Mathematicians create "Richter scale" of Sudoku difficulty
Cornell University Library
(CBS News) Sudoku is, at its heart, a numbers game. So it's no surprise that mathematicians have latched on to the puzzles as a way to explore problem-solving algorithms and game theories. For dedicated number crunchers, it's not terribly hard to "brute force" Sudoku puzzles by running dozens if not hundreds of possible combinations in search of the right answer. But a team of researchers has discovered a more elegant solution, and in the process have created a "Richter scale" of puzzle difficulty.
Maria Ercsey-Ravasz, of Romania's Babes-Bolyia University and Zoltan Toroczkai of Notre Dame University in Indiana, recently published a paper in "Applied Physics Letters" detailing their work on Sudoku-solving algorithms that move far beyond the simpler "brute force" systems already used by dedicated Sudoku enthusiasts.
A brute force system simply runs all possible combinations of numbers on a Sudoku board until the correct answer is found. The system works, and according to Ercsey-Ravasz and Toroczkai, it is relavitely easy to set up, but the answers take time to arrive.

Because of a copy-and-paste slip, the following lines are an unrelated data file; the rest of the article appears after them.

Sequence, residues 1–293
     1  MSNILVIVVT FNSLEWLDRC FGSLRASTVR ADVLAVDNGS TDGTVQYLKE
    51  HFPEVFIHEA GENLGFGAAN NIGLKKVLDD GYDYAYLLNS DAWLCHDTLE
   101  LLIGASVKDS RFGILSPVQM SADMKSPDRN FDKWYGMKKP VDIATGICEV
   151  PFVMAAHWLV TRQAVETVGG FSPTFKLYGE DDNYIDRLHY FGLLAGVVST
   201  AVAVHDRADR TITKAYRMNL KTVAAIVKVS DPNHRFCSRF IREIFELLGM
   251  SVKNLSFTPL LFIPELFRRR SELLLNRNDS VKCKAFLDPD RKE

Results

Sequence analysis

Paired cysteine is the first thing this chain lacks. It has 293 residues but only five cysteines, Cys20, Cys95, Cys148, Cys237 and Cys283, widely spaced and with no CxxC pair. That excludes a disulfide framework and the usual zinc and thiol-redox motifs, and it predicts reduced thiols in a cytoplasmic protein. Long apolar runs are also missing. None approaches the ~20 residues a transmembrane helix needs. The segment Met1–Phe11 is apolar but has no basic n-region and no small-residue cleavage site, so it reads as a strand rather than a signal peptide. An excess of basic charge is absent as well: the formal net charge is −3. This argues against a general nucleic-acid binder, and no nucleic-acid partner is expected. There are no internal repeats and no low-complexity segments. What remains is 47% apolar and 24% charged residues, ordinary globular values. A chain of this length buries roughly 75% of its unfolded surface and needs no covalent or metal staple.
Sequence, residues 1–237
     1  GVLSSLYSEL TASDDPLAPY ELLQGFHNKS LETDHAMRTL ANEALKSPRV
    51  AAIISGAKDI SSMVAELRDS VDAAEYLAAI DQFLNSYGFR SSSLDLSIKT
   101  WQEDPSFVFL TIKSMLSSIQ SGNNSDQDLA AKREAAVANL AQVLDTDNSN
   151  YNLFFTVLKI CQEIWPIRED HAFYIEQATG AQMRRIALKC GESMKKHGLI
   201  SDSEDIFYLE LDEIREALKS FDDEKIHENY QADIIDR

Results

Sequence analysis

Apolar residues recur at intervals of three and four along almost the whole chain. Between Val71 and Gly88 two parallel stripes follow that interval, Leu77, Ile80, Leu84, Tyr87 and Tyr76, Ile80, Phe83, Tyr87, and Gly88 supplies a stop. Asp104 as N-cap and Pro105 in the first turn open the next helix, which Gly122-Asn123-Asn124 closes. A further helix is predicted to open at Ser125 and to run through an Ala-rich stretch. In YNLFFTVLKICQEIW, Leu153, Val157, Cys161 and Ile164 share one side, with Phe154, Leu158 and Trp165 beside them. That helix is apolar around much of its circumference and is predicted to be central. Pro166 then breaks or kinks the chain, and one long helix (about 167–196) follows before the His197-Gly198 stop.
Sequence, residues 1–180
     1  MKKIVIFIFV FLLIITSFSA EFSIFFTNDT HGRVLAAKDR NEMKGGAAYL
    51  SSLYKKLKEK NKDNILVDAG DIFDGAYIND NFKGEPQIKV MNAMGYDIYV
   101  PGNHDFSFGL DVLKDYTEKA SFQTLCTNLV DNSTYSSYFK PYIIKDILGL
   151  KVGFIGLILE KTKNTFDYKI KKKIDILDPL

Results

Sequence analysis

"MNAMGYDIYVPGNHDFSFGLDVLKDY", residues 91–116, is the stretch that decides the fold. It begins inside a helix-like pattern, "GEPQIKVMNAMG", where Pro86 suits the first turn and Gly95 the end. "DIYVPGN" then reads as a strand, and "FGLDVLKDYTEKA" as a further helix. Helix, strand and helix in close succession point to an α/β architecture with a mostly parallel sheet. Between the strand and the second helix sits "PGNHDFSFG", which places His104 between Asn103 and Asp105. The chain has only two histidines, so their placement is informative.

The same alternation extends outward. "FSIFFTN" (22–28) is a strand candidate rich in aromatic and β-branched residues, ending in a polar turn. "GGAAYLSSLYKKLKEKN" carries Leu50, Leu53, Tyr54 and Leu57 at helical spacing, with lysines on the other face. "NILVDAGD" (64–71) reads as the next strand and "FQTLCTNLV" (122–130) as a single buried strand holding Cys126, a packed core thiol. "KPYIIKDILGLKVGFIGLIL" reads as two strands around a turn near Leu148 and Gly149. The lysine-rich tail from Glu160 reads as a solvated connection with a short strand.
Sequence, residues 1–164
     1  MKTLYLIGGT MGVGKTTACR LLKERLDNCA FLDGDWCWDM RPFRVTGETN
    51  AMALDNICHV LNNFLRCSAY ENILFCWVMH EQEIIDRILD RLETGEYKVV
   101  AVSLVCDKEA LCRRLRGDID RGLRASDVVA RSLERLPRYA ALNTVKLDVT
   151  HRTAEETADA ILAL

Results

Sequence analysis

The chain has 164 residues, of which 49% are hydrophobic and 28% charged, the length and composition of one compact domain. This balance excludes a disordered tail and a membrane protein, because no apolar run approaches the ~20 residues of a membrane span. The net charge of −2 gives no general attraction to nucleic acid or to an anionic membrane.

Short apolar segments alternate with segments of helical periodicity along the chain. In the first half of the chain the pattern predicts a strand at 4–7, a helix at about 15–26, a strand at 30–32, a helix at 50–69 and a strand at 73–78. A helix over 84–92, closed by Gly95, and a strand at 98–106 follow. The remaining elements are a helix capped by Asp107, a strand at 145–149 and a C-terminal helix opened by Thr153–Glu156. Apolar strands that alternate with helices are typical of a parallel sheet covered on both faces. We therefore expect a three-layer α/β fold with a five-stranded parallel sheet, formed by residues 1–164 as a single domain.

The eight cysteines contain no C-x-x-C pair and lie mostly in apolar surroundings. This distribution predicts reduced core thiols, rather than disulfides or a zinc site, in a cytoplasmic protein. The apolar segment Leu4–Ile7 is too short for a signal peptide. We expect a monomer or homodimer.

The more advanced algorithms created by Ercsey-Ravasz and Toroczkai are much more complex, but can arrive at the correct number combinations far quicker. The two mathematicians realized that the time it took to solve a Sudoku board correlated to the difficulty of the puzzle. This led them to create what they called a "Richter scale" of game difficulty.
Their scale goes from 1 to 4, and the numbers line up almost perfectly with the stated difficulty of a puzzle. Sudoku games are generally classified as "Easy" to "Hard" and the pair found that a 1 on their scale was almost always an easy puzzle. A 3 on their scale was almost always a hard puzzle.
They tested their model on one of the hardest Sudoku puzzles known - a game so hard it has its own name: "Platinum Blonde." This ultra-difficult puzzle (the lower puzzle in the above image) had a difficulty of 3.5789 on the Richter scale and took almost ten times as long for the algorithm to complete as an easy board.
Ercsey-Ravasz and Toroczkai hope to expand their algorithm models to incorporate more than just Sudoku. Their findings could point the way for more algorithmic difficulty scales over a wide array of numbers problems in the future.
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